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Deposit and stamp duty payment

(8 Posts)
coolpatterngirl Tue 10-May-16 12:21:43

I've been unable to find the answer online and hoping someone can help me.

The house we'd like to buy is going to cost us deposit wise approximately £10k more than budgeted. We can pay the amount but this would come out of the amount set aside for stamp duty and legal fees.

I notice that HMRC require the stamp duty to be paid within 30 days of completion. Are we able to proceed with an offer whilst we save the outstanding £10k over the next 2 to 3 months?

Sunnyshores Tue 10-May-16 12:24:42

The stamp duty will be paid on the day of completion - your solicitor takes it, along with his fees and the house deposit.

specialsubject Tue 10-May-16 12:28:35

so the answer to your question is a tentative 'yes' - you don't need to pay the stamp duty yet and given the time taken for house purchases to go through, you've got time to save.

BUT remember once you exchange you are committed, so if there's any chance of not having the money think very hard.

your solicitor will advise you about timescales for when he/she needs the money, so talk it through.

Sunnyshores Tue 10-May-16 12:33:18

Yes to the above caution - and making sure the vendor knows your offer is subject to a 3? month completion (as they may be needing a 6 week sale and you can bet the Estate Agnt hasnt thought of letting you know!).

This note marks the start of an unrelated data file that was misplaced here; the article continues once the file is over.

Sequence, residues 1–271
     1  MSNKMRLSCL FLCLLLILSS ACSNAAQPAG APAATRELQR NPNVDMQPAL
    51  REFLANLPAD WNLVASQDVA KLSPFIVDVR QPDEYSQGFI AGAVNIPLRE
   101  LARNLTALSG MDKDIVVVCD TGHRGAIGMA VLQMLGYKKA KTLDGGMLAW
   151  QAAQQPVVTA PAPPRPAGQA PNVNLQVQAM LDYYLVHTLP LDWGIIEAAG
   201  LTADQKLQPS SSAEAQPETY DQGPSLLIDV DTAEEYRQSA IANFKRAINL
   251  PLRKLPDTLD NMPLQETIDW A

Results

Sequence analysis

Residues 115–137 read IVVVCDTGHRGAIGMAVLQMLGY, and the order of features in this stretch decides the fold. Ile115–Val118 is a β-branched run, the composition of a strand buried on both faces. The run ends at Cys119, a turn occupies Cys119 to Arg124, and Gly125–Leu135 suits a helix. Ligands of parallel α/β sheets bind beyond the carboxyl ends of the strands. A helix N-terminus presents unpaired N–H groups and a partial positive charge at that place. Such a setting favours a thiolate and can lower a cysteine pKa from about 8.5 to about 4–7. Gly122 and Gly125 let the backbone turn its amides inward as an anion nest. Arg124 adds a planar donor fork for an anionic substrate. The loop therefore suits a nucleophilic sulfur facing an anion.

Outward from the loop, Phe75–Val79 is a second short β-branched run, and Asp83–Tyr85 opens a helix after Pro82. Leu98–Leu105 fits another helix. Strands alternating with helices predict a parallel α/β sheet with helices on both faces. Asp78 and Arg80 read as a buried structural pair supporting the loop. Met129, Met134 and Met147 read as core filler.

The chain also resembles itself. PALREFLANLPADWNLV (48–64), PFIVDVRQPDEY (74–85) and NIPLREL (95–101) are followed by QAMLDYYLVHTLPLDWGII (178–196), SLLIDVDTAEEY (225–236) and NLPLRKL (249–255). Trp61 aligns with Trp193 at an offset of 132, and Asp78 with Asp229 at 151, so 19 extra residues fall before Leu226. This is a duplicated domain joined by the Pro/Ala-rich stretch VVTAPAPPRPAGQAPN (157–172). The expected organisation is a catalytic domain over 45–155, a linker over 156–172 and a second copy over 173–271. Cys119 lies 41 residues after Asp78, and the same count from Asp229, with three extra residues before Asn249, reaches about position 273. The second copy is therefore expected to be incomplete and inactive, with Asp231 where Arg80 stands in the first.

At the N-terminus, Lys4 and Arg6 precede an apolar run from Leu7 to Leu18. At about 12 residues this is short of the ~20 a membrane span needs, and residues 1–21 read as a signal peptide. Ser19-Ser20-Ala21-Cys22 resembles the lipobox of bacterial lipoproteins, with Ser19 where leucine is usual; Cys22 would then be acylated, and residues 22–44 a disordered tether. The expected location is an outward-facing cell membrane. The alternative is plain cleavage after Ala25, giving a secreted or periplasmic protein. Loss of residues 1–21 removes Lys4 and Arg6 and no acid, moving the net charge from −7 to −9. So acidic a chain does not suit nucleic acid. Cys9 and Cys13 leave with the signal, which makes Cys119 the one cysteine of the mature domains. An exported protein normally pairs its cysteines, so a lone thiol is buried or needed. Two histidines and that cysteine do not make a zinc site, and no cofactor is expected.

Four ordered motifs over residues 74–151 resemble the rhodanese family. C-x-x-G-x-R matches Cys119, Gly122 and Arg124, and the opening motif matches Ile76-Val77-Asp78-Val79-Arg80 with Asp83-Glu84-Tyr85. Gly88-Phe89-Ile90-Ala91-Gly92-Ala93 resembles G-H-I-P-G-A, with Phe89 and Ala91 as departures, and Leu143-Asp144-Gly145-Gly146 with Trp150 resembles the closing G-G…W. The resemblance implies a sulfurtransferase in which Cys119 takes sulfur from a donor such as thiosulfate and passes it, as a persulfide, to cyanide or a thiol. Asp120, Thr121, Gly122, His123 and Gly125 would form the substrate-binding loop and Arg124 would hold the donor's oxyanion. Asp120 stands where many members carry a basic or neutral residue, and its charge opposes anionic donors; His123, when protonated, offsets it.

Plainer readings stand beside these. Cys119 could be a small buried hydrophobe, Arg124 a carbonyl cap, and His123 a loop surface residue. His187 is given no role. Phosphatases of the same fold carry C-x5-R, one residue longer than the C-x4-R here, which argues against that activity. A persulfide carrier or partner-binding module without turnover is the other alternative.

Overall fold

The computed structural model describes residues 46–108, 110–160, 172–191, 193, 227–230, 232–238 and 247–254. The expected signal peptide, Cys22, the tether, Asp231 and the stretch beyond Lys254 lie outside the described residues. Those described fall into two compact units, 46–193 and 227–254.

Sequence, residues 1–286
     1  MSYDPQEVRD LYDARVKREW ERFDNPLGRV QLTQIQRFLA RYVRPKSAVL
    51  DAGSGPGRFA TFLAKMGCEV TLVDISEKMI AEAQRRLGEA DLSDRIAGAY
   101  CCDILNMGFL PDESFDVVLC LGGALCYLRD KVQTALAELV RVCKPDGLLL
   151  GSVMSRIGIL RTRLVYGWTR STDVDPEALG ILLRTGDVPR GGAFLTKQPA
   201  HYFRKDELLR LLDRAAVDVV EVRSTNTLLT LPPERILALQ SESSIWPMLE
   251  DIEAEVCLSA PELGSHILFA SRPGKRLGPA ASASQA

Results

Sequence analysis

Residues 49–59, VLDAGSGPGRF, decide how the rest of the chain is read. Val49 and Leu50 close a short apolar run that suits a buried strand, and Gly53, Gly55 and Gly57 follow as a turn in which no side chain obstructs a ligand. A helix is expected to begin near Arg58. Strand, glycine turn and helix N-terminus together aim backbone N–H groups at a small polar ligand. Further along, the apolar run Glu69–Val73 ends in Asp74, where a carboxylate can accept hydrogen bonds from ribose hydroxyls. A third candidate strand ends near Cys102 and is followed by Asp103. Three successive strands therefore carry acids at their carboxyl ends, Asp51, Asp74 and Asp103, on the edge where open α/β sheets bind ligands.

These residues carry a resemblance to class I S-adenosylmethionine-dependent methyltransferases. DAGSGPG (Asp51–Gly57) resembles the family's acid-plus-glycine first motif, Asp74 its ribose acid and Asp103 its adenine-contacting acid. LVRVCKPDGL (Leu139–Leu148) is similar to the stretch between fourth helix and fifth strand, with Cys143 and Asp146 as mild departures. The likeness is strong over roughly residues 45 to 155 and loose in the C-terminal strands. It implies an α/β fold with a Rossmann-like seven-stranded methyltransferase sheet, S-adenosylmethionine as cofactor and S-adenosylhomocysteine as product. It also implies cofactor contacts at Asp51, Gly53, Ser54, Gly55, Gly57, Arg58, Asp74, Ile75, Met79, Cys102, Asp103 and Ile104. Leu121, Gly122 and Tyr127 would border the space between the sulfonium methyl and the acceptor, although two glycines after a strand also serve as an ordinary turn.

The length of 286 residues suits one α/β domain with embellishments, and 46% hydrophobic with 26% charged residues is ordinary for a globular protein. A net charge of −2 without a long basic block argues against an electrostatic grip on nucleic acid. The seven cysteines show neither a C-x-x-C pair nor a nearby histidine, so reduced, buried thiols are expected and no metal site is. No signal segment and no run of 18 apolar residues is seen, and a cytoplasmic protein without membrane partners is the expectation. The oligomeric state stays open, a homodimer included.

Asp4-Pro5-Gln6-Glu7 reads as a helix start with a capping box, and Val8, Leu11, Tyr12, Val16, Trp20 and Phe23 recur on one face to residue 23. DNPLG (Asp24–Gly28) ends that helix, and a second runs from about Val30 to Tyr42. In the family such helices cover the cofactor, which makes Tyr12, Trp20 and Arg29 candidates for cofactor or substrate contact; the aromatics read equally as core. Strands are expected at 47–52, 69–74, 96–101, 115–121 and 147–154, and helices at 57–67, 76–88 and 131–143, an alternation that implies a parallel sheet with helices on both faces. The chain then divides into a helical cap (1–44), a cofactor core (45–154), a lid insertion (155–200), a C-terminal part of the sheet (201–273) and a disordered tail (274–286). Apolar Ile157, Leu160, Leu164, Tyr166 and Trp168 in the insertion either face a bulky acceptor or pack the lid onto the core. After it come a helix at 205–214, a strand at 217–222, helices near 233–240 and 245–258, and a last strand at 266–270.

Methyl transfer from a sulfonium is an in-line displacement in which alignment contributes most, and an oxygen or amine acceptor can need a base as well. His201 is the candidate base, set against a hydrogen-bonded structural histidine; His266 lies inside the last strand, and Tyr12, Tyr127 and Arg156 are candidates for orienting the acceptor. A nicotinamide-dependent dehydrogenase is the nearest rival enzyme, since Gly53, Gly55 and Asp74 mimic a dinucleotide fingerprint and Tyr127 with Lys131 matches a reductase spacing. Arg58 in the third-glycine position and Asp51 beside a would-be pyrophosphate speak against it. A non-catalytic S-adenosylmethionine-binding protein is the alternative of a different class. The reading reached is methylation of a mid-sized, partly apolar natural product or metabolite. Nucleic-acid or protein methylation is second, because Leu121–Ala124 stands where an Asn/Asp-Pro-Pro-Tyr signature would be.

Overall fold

coolpatterngirl Tue 10-May-16 12:45:55

Thank you, wise advice.

In the worst case scenario, although a gifted deposit is frowned upon, a gifted stamp duty payment would be acceptable, no?

PurpleDaisies Tue 10-May-16 12:47:22

Is a gifted deposit frowned upon? I can't see why a gifted stamp duty payment should cause any issue.

Sunnyshores Tue 10-May-16 17:52:06

Yes gifted deposits cause all sorts of raised eyebrows in tax departments (inheritance tax matters I think) and although strictly speaking any sort of "gift" should cause the same reaction it doesnt!

namechangedtoday15 Tue 10-May-16 18:17:09

A gifted deposit is only usually relevant in relation to the actual purchase of the house (you will be asked on various forms where / how you are funding the purchase other than by way of mortgage) - basically a lender wants to ensure you are not borrowing any other money or someone else has a claim to the property.

The costs (i.e. stamp duty) are separate and if you are being gifted those monies, then its not the same. However, your solicitor will usually prepare a completion statement setting out all the costs about a week before the completion date and it will set out the total amount they need from you (including costs / stamp duty etc) in addition to the mortgage monies they'll get from the lender. The solicitor will want that balance well before completion (about a week before).

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